She was wrongly fired, she insists to Milwaukee Magazine, whose cover story has many community leaders praising her.
If you’re a fan of former County Parks director Sue Black, you’ll like the January cover story of Milwaukee Magazine, centering around a grand tour of her park accomplishments which Black provides the author, supported by testimonials from others. “Sue is known nationally,” Fran Mainella, former director of the National Park Service, told the magazine “She’s strong, she’s knowledgeable, she’s great to work with as a team. She was very well-respected,” added Jon Kirk Mukri, head of Los Angeles’ parks department.
Locally, some big names heaped more praise: “She exuded a passion that you only wish that people that ran departments or interests would have,” former Wisconsin governor Tommy Thompson declared. “…Always coming up with extraordinarily creative ideas,” added developer Barry Mandel. “The parks will suffer…the community will suffer from the loss,” said a “heartbroken” Michael Cudahy, the retired businessman and philanthropist.
Elsewhere in the media, the treatment of Black has been a little rougher. Milwaukee Journal Sentinel columnist Dan Bice reported that former Milwaukee County Executive Scott Walker almost fired Black and made her sign a resignation letter he kept in his desk so he could let her go at any time.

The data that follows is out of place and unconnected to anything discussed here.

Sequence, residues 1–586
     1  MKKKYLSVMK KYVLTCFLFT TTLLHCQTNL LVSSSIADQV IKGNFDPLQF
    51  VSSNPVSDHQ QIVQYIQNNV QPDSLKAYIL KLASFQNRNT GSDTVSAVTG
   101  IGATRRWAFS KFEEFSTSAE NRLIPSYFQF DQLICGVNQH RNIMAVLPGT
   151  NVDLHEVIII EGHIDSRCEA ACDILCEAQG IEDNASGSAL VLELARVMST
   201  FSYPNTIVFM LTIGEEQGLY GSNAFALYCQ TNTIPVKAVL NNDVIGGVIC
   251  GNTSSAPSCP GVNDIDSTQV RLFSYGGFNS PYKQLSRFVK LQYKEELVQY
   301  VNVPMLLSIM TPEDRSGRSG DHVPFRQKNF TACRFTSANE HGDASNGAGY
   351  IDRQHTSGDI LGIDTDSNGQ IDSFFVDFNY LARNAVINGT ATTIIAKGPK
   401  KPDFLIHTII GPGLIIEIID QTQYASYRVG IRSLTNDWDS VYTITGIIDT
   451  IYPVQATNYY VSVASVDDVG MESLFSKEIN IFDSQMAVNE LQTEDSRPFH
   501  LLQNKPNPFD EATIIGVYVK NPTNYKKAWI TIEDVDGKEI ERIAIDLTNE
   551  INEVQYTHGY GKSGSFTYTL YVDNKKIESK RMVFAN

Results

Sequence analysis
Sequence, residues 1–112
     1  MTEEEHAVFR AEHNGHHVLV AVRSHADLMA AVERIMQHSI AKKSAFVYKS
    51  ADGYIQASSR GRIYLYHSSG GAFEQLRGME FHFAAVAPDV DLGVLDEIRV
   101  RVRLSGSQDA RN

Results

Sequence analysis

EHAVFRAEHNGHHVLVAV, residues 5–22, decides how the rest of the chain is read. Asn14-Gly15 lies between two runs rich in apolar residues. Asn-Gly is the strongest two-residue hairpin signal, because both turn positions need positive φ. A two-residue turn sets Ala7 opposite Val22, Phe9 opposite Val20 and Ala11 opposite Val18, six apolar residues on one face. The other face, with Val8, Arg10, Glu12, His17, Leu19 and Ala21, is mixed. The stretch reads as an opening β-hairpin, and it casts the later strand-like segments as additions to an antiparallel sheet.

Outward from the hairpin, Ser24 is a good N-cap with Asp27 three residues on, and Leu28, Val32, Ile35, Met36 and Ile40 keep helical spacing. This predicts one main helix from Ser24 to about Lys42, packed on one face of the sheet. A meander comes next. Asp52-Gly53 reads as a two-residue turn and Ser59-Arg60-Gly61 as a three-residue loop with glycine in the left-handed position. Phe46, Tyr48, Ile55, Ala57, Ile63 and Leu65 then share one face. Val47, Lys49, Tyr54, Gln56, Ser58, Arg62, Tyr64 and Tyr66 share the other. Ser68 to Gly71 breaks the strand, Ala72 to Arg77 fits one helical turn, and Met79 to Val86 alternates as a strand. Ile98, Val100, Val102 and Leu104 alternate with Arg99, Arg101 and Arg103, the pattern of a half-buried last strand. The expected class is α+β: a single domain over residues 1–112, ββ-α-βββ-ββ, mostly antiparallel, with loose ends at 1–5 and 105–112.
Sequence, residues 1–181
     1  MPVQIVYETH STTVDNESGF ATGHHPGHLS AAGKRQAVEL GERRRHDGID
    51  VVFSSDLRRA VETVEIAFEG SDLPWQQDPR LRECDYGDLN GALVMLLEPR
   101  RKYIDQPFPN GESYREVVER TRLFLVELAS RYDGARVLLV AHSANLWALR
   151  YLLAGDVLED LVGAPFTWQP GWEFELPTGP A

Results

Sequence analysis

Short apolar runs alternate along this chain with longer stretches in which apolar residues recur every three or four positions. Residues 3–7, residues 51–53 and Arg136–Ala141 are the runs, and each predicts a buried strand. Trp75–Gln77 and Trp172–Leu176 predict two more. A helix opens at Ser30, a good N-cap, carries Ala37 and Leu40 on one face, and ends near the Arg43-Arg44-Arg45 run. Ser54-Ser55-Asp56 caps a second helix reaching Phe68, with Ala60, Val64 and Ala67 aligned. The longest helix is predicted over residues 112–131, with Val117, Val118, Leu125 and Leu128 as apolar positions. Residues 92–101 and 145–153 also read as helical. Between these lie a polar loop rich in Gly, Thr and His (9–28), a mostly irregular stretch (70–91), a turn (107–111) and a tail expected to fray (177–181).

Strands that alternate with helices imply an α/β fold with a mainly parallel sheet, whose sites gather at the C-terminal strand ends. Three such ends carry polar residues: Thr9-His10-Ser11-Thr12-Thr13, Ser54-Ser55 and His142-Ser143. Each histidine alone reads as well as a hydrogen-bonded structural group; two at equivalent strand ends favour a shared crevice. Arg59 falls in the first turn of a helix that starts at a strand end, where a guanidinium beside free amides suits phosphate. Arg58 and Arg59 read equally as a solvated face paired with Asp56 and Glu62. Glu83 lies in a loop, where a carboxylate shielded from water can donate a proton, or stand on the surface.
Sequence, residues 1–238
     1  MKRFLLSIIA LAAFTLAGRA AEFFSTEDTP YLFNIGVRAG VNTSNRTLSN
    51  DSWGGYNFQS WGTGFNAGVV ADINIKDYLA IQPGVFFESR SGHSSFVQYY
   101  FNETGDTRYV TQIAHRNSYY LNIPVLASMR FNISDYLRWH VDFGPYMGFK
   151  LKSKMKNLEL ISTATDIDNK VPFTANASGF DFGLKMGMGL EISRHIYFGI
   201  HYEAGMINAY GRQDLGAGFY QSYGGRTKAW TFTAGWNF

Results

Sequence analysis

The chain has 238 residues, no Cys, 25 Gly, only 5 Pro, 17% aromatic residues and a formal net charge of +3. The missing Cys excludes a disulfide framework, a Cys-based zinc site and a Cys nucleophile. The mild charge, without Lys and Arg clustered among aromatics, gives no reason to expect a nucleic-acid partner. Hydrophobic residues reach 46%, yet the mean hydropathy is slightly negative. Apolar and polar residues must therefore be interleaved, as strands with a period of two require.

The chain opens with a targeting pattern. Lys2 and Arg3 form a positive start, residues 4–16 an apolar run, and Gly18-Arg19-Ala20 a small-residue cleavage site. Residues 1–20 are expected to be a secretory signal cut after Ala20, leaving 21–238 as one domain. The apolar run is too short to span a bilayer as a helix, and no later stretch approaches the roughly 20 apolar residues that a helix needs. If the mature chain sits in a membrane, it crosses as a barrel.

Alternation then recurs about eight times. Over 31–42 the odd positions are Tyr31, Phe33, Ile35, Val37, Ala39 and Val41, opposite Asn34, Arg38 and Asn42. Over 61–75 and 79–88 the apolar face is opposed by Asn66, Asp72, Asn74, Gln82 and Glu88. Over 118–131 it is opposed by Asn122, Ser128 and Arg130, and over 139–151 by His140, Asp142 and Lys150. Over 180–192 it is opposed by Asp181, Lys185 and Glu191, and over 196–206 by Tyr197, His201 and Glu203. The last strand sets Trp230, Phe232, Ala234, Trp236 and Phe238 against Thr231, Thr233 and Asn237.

Democrats were equally tough on Black. Members of the Doyle administration told Bice that Black “alienated her staff and circumvented her bosses – sometimes without telling them – to get what she wanted.” Referring to Black’s style under Abele, former DNR Secretary Scott Hasset told Bice, “From what I understand of the situation, it’s a repeat of patterns at the Department of Natural Resources.” Hasset ended up relieving Black of her job as state parks director.
Bice was following up on columns by Urban Milwaukee editor Bruce Murphy who had earlier reported that Black had been dumped as state parks director and demoted to an administrative job whose title “she couldn’t even recall.”
She was fired by Abele because “she is not a team player” who “whether at the state or the county… would do end runs around the boss to get what she wanted,” Murphy wrote in his second column on the controversy. Murphy noted that for seven straight years, a wary Walker never gave Black a raise, and that after Abele did give her a huge raise, he soon experienced a series of situations where Black undercut him or went to board members or others to countermand his orders.
And a third column by Murphy described how Abele and Black were once “best buddies,” and explained how such friends could have had such a falling out.
That Sue, she certainly makes for good stories.